Why Your WordPress Website Needs Extra Security

I love WordPress! It’s a fantastic way to build a website without knowing how to write code. It truly makes web development easier.

But, what a lot of WordPress website owners don’t realize is how easy it is for someone to break into their website.

WordPress is Open Source software, which is a great thing. This means that it’s free to use by anyone. You don’t have to pay to use it. And if you want to change the code, you can, without any legal ramifications. You can do ANYTHING you want to do with WordPress. This makes it a GREAT way to build a website.

It also makes it a security nightmare.

WordPress is very extensible! Anyone with coding knowledge can make a plugin or theme which will give your website new functionality and style. You can find thousands of plugins and themes available, many for free, on the web.

This creates even more potential security holes in your website.

Since the code to WordPress and these free themes and plugins are available to the world, then anyone in the world can look at the code, and if they know what they are doing, they can find poorly written code, security holes, or ways to break into your site.

The more themes and plugins you have on your site, the more potential security risks are available to hackers.

To make matters worse, as soon as someone finds a security hole and fixes it, they post those changes for the world to see. If you aren’t immediately updating your WordPress site with the code to fix this security hole, then not only do you have a hole that someone can break into, but the security hole has been announced to the World.

All a hacker has to do is wait for a security hole to be announced (not a long wait at all) and then go find a WordPress install that hasn’t updated their site with the new fix. This is why it’s CRUCIAL to keep your WordPress site updated regularly.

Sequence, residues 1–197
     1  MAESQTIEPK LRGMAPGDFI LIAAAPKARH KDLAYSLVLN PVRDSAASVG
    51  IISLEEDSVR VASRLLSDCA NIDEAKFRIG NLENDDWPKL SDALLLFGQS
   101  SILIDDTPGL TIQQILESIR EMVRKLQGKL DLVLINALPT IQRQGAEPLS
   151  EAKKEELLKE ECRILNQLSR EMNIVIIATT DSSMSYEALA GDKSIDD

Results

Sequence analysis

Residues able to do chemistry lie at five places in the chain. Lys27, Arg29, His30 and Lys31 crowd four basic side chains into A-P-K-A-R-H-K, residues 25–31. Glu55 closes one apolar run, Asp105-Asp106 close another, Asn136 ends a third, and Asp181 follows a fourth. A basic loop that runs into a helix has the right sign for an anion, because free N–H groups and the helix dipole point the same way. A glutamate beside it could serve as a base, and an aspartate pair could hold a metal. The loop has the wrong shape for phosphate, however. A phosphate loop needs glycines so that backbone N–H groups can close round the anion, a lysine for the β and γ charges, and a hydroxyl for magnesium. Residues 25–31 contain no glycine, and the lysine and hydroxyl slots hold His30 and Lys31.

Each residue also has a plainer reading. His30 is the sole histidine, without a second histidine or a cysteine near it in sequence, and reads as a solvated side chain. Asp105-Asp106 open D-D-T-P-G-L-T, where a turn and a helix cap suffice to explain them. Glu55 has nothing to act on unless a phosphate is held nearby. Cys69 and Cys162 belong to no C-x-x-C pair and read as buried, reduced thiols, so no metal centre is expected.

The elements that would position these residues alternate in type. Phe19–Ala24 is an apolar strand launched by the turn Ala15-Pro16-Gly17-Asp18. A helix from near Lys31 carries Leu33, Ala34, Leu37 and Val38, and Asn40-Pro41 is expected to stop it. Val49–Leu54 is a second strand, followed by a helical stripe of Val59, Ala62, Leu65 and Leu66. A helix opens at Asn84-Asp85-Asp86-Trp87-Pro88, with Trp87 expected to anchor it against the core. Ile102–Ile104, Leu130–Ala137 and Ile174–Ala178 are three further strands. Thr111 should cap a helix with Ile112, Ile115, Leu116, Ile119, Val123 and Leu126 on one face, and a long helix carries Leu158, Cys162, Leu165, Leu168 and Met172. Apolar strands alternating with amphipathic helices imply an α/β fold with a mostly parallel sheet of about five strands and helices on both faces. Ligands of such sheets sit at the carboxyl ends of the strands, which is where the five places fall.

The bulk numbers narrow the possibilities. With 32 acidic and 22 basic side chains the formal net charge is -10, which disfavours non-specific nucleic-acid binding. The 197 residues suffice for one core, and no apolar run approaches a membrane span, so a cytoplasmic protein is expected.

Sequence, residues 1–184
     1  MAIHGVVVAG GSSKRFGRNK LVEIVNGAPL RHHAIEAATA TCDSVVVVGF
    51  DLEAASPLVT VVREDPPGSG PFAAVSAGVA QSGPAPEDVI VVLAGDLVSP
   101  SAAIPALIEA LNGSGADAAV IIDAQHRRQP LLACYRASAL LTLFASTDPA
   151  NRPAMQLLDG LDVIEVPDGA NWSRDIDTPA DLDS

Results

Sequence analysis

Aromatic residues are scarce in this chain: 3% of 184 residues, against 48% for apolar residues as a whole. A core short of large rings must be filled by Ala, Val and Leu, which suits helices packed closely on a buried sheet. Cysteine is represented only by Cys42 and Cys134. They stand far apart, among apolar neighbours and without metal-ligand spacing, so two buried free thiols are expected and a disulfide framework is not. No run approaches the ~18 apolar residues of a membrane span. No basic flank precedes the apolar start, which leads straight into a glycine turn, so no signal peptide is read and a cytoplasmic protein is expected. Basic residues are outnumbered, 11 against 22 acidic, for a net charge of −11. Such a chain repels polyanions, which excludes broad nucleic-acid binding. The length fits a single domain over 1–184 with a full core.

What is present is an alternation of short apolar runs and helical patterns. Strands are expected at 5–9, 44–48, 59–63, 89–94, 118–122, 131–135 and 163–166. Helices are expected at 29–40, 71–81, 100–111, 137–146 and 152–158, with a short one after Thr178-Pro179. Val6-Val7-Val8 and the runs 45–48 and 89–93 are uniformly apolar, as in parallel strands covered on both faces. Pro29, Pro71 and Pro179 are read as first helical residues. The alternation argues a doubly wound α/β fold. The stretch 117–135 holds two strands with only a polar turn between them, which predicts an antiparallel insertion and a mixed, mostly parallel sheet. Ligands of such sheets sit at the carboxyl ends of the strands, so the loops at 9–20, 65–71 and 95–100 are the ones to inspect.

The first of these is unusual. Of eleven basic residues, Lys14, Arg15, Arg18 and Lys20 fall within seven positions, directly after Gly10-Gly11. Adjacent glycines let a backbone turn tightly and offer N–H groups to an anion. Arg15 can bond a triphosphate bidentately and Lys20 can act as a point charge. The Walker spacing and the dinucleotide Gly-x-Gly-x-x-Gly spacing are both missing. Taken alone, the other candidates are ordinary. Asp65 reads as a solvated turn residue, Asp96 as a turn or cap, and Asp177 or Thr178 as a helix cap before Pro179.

What will they do once they get in? I’ve seen them do everything from erase everything on the site, to steal data, to hijack the site and redirect the visitors to another site entirely. I’ve seen them display their own ads on unsuspecting sites (usually not ads for things you’d like to endorse), send email from the site’s email account, or cripple the site entirely.

When this happens, it’s hard to install another recent backup because you aren’t quite sure when the break-in occurred or how they got in. So, sometimes you have to either rebuild the site or install a fairly old backup that you KNOW was clean which could mean you lose quite a bit of your recent data.

Depending on what has to be done to get your site back up and running, this can be an expensive problem. If your site is your business, this downtime could lose you money as well.

You can’t make a website hacker-proof entirely, but you can manage the risk. There are lots of things you can do to reduce the risk of an attack. WordPress.org has an excellent article about what you should do to keep your site safe here.

They mention a lot of things in that article, but the two most important are:

  1. Good Hosting with daily backups – In my experience, you can have any two of these three with hosting, but not all three: 1) Quality 2) Cheap and 3) Support
  2. Keep your site updated daily – This means core, plugin and theme updates every time an update is available. You can find what needs to be updated in the admin bar at the top of your site when logged in as administrator or on the Updates page in the admin area of your WordPress site.

There are many other things your can do to reduce risk that are mentioned in that article. I recommend doing them all!

If you would like more help keeping your site secure or if you’ve been hacked or attacked, let me know here. I can help!

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